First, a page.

Hollywood humorist muses on moviemaking
LOS ANGELES — Albert Brooks was on the phone with Sharon Stone describing "The Muse," a movie he was writing that he would star in as well as direct.
"I play this Hollywood writer who is fired from his studio job and suddenly hits a wall. He doesn't seem to do anything right. He needs a 'muse' - someone to inspire him. I want you to star in it."
There was no response. Brooks's imagination was going faster than an Indy racer: "I don't really know her that well. Maybe it was presumptuous to call her at home. Maybe she hates the idea. Maybe she hates me."
"Yes, Albert," the velvet voice on the line began, "I'll be your 'muse.' "
Stone's answer startled him. "You mean you're saying 'yes'? Can I call the studio now and tell them?" The silky voice replied, "Yes."
"Don't you want to read the script?"
"I'll read it later," she replied.
"Okay, I'm calling the studio ... I'm telling ..." he said, but Stone had already hung up. Brooks quickly speed-dialed home to his wife. "Kimberly," he screamed, "she said, 'Yes'!"
Albert Brooks has directed, acted in, or written (with Monica Johnson) 14 films. "It doesn't get easier as time goes by," he concedes. "It just gets different."
The cast for "The Muse" (opening Aug. 27) includes Andie MacDowell and Jeff Bridges, with cameos by Cybill Shepherd, Lorenzo Lamas, Jennifer Tilly, and Oscar-winning directors James Cameron and Martin Scorsese, as well as a pal from school days, actor-director Rob Reiner.
Brooks says, "Writing is the most rewarding, acting the biggest ego trip, and acquiring financing the worst job of all. With 'The Muse,' it took almost a year to get the backing. A few times I've told an idea to one studio and they said 'yes' right away. Other times it wasn't that easy."
A smile slowly rolls up his face. "I remember the first film I wrote, 'Real Life' in '78. I asked this millionaire, who at one time owned the Chicago Bulls team, if he'd invest in the film. Finally he agreed to put up half a million dollars. That's what the first movie cost. He said to me, 'I don't care about the script, I trust you ... but I want you to assure me that you'll never come back to me for any more money.' "
Rolling his eyes, Brooks continues, "I had to go to a bank, and put up my own money to get a letter of credit. In essence, I was borrowing in case there were delays.... It was pretty stressful. I didn't want to make a movie and wind up having to sell my car, too."
His track record has been excellent: "Real Life," "Modern Romance," "Lost in America," "Defending Your Life" with Meryl Streep, and "Mother" with Debbie Reynolds were brought in on time and on schedule. Each has made a hefty profit.
"I felt I had the dream cast for 'The Muse,' " he says. "Although I did have to convince Jeff Bridges. He'd never played a small role; he was always the star."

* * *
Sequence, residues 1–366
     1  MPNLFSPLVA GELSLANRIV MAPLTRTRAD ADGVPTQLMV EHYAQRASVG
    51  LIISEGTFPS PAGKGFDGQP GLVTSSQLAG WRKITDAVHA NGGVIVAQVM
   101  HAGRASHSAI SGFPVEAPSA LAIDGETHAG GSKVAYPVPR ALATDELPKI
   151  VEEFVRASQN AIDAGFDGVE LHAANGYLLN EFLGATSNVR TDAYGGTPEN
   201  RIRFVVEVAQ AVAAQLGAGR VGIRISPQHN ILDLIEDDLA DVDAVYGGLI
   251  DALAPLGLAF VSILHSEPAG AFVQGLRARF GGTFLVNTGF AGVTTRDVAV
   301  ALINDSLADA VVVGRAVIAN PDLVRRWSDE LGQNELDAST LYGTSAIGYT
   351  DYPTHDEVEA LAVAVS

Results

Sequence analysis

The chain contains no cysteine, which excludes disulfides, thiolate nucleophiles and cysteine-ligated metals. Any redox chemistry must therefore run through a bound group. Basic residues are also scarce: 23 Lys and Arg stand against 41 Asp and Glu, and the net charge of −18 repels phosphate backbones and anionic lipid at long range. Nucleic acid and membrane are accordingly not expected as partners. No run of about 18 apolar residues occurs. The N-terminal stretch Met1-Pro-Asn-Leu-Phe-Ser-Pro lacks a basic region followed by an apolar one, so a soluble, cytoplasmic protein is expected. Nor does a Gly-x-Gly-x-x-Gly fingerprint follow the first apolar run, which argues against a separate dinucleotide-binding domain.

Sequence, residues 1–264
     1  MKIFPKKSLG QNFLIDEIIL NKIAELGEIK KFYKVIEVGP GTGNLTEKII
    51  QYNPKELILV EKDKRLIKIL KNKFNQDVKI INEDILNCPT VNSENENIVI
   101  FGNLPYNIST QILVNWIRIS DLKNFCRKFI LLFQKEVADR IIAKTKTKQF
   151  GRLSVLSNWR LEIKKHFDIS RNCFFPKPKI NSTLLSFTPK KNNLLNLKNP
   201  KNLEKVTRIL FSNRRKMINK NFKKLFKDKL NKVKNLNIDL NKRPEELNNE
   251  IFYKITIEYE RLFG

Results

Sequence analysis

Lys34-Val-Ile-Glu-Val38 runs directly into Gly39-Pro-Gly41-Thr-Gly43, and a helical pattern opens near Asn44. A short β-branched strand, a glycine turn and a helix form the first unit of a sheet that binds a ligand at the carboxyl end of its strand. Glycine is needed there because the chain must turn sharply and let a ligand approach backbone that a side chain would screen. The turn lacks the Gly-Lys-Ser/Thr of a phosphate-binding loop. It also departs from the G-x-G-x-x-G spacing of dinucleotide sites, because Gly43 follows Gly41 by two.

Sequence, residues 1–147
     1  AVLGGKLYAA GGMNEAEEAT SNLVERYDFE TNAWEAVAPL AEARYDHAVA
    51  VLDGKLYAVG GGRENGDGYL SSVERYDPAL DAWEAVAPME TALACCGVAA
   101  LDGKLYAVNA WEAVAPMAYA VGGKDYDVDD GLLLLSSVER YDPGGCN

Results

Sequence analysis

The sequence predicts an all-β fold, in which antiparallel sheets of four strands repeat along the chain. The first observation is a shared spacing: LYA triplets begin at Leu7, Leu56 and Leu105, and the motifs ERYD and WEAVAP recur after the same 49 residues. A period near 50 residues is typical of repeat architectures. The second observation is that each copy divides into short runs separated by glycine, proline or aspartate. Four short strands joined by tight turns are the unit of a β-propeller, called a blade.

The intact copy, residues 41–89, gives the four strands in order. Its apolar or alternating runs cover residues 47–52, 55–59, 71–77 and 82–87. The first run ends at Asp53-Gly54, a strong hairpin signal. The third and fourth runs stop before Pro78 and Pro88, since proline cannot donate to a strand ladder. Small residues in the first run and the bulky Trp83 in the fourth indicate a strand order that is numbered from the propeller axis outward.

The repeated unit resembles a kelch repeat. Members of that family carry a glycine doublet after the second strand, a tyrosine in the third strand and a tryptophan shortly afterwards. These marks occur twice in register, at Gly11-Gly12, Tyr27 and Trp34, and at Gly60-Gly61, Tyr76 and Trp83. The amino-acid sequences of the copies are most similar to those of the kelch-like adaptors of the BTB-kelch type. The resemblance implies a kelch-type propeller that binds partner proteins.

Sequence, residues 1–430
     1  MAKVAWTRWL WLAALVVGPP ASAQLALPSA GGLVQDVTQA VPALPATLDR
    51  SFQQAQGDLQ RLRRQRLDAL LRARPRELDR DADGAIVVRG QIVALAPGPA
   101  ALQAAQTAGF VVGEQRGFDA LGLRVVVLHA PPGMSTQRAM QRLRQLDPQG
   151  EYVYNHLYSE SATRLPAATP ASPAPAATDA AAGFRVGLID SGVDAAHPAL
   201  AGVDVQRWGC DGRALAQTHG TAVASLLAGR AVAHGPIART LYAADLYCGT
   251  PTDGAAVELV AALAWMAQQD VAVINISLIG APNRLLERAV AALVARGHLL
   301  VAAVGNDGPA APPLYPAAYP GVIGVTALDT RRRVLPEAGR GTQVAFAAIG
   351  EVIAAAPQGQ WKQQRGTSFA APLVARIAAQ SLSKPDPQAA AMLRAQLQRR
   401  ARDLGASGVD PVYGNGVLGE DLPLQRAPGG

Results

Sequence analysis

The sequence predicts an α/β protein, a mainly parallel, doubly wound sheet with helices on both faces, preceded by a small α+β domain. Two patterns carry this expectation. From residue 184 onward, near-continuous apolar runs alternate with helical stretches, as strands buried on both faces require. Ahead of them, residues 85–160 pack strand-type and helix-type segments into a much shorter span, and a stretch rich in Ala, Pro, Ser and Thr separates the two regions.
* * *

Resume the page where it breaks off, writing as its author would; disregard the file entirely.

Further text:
Brooks told him, "You don't know what you're missing. You can have fun and relax, since you're not in every scene, the whole film doesn't rest on your shoulders. After all, Jack Nicholson does it, and look at his career!"
Bridges said 'yes,' and Brooks could hear him laughingly add as he hung up the phone, "What a salesman!"
Brooks has learned a lot since that first movie. He believes in preparedness and rehearsals. He doesn't dismiss suggestions from the cast. Says Stone, "I liked the idea he'd listen and then explain why this comedy bit of business was good or bad." It became more than just another movie for Ms. Stone. "It was a learning experience," she says.
Until three years ago, Brooks was considered a loner and a recluse. His close friends would check their messages only to find recordings with Brooks doing one of a dozen impersonations. "I was lonely," he explains.
That changed when he met "the girl." It took him a long time to propose. "Even then, she had to direct me," he says, grinning. "She's very smart and someone I can talk to about everything. She owns her own company, designs Web sites.... "
Running a hand through his curly brown hair, Brooks says, "You know, I'm like God's mule. I'd just stay in one place forever if you didn't push me. But this is the woman I wanted to be pushed by."
One day she held up her hand, pointed to her ring finger, and asked, "Are we or aren't we?" Making their lives even fuller, Mr. and Mrs. Brooks had a baby boy 10 months ago. Currently, Brooks is working on his next film project, but before that, he may take an acting assignment to costar with Leelee Sobieski (Emmy nominated for the TV miniseries "Joan of Arc") in a new film, "My First Mister."
Brooks's close friends often describe him as "the wittiest man in the world." He doesn't mind that he's never been selected as "the sexiest man in the world." At this point, he confides, "I'll settle for anything with an 'est' at the end."
(c) Copyright 1999. The Christian Science Publishing Society